Atheists aren’t always going to agree. That’s just an undeniable truth. I am, perhaps, a bit abnormal because I actually like the fact that we often disagree. Among my atheist friends, it’s often the ones I disagree with that I most value and the disagreements often help us all more than we realize.
For example, I like and value David Silverman and American Atheists. In general, I support what they’re doing…but there are going to be times when we don’t completely see eye-to-eye and today is one of those days.
Here’s the AA press release…go ahead and read it, I’ll wait.
American Atheists does a great job of making sure that they only take legal battles that they’re likely to win and they’ve been critical of Michael Newdow, and others, who risk setting bad legal precedent by challenging things we aren’t likely to win. I’m not in complete agreement on every decision about which cases we take and which we don’t, but I recognize that we have to be careful.
I really wish, though, that the same sort of careful thinking went into decisions about which issues to challenge in the court of public opinion. Today’s press release is just a monumentally bad idea.
First of all, heaven isn’t a strictly Christian concept. Many people who don’t adhere to any religion hold to this concept in a cultural fashion that is probably more strongly tied to our fear of death and our desire to think and say nice things about the dead than to any specific religious doctrine. Plenty of other religions have heavens and heavenly concepts and plenty of non-religious people will use heaven in a metaphoric or poetic sense.
Second, many Christians would point out that admission into heaven, according to their doctrine, isn’t tied in any way to the heroic actions of those firefighters or the quality of their character. There are many Christians who would point out that, according to their beliefs, the overwhelming majority of those firefighters left the fires of the twin towers and proceeded directly to the fires of hell. Though few would make this claim with the glee of the members of the Westboro Baptist Chruch, it’s still part of their doctrine and they’d also note that the conventional concept of heaven being a place for ‘good’ people is a cultural convention that is only loosely tied to Christianity by way of misunderstanding.
On those grounds, it’s just factually incorrect to repeatedly assert that this reference to heaven is an explicit linkage of Christianity to these individuals. (I’m not denying that it will be viewed that way by some Christians, I’m simply pointing out that it’s the sort of statement that is sufficiently nebulous that it will automatically mesh with the internal concepts of each individual reader…which is why, I suppose, Dave and other atheists are instinctively objecting; their concept places it firmly in the realm of “legitimizing Christianity”.)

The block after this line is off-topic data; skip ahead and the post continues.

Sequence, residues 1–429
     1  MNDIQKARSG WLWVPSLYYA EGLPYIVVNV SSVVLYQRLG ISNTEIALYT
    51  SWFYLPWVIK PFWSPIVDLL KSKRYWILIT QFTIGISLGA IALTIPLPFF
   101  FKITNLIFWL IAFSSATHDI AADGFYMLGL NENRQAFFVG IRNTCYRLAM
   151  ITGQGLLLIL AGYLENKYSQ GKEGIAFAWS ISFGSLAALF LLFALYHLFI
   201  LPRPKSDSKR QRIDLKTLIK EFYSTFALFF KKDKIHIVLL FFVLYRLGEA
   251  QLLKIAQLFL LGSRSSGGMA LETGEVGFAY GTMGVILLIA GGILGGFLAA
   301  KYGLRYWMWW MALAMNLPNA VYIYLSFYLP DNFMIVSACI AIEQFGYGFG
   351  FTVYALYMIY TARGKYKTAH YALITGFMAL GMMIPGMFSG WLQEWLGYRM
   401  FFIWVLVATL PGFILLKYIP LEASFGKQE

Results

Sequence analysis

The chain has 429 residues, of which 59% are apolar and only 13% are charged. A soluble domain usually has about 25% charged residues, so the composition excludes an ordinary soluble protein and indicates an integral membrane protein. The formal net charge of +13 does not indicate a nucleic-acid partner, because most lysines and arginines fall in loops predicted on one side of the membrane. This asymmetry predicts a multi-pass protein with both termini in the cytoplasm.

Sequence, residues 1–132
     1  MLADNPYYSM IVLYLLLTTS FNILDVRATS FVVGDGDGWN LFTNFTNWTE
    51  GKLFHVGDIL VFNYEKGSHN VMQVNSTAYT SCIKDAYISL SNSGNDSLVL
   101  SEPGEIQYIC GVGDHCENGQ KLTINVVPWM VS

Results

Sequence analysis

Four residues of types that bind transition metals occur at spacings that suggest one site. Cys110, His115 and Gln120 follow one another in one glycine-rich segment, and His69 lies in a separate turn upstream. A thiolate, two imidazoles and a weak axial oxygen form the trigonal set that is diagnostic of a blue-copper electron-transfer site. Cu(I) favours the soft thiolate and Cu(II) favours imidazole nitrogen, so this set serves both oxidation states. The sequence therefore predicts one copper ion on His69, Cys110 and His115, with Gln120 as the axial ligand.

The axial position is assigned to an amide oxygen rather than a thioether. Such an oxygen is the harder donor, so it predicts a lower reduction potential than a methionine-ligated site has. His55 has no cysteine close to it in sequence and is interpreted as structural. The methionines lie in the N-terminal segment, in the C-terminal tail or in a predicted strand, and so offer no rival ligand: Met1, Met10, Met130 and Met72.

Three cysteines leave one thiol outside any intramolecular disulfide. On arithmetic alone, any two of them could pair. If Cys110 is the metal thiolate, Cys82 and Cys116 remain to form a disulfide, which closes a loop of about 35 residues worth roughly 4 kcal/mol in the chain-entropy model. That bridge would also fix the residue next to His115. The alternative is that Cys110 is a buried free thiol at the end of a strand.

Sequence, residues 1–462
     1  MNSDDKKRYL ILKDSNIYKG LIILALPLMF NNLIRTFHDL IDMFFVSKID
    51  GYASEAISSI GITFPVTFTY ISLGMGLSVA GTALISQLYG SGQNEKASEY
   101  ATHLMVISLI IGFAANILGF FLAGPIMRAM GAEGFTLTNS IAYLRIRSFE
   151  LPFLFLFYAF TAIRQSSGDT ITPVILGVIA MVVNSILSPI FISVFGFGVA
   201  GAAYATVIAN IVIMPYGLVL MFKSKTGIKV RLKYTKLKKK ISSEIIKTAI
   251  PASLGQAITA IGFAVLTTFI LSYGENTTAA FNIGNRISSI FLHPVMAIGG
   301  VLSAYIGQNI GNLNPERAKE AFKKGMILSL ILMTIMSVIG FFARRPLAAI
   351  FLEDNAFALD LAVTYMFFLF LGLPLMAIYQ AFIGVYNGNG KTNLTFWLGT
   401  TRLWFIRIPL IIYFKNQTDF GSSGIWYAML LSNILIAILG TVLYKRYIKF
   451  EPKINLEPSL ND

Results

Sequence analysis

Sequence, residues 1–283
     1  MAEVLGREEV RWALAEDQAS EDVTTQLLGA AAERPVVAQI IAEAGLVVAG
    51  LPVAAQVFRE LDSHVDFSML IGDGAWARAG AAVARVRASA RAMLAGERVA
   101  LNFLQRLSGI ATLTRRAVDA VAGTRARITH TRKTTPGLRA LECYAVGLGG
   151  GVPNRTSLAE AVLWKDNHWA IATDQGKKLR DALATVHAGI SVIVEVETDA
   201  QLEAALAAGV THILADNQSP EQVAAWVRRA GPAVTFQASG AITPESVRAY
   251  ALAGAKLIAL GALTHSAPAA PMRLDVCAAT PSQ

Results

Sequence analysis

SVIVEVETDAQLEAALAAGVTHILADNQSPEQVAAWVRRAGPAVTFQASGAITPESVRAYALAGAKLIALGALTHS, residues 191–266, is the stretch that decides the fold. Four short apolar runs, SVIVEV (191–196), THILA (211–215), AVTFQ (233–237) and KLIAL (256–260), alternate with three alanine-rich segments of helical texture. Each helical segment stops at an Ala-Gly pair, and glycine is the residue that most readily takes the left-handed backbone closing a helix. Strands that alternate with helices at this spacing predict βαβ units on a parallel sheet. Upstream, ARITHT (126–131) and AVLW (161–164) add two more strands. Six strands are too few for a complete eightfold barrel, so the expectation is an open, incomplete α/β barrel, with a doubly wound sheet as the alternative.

More importantly, this is a recipe for being viewed as reactionary curmudgeons. We’re talking about something meant to honor the heroic sacrifice of firefighters during the 9/11 attacks. Even a blatant violation of the constitution might be viewed negatively, but this is going to be viewed very negatively and the constitutional issues are hardly clear, if they even exist. There is no real upside to this – especially if we’re making statements that demonstrate we don’t really understand that there are some cultural references that aren’t an explicit endorsement of any religion.
It’s a bit like objecting to Christmas trees by claiming that they’re explicitly Christian when they most definitely aren’t.
I’m a pretty confrontational guy. I’m an advocate of challenging first amendment violations and religious stupidity and harm at almost every opportunity. I generally support the direct, confrontational direction that Dave and American Atheists have been taking. I mostly liked most of the billboards. I’ve gone after the accomodationist buffons on a regular basis… but this is just a bad idea.
In this case, I’d have opted for no press release, but if I’d done one, I’d have made sure that it was one that was structured in such a way that those who complained about the release would look foolish. Some statements that might work a bit better:
“While atheists don’t share the religious optimism of heavenly afterlives, and we think that something like “Seven Heroes Way” would have been a less contentious and more accurate representation of the fallen, we are pleased to see the memory of these heroic individuals honored.
These firefighters, through training and dedication, overcame our natural, human instincts for self-preservation and charged directly into a deadly situation in an attempt to assist others.
On a day when the divisive conflict between religious ideals resulted in the death of thousands, these individuals focused on the value we place on human life irrespective of religious views and other divisive constructs.
As they moved into harm’s way, there was no consideration of whether the individuals they were saving were Christian, Muslim or atheists. There was no consideration of whether those individuals were gay, straight or transgendered. There was no consideration of whether those individuals shared their personal political views…there were simply people, in need of assistance. We should honor them on those same terms.
In the chaotic aftermath of the ruthless and shameful attacks of 9/11, the character of these individuals truly represented those traits that define heorism and the sort of character that we should all hope to instill in future generations.
Seven, of many, heroes…have shown us the way.”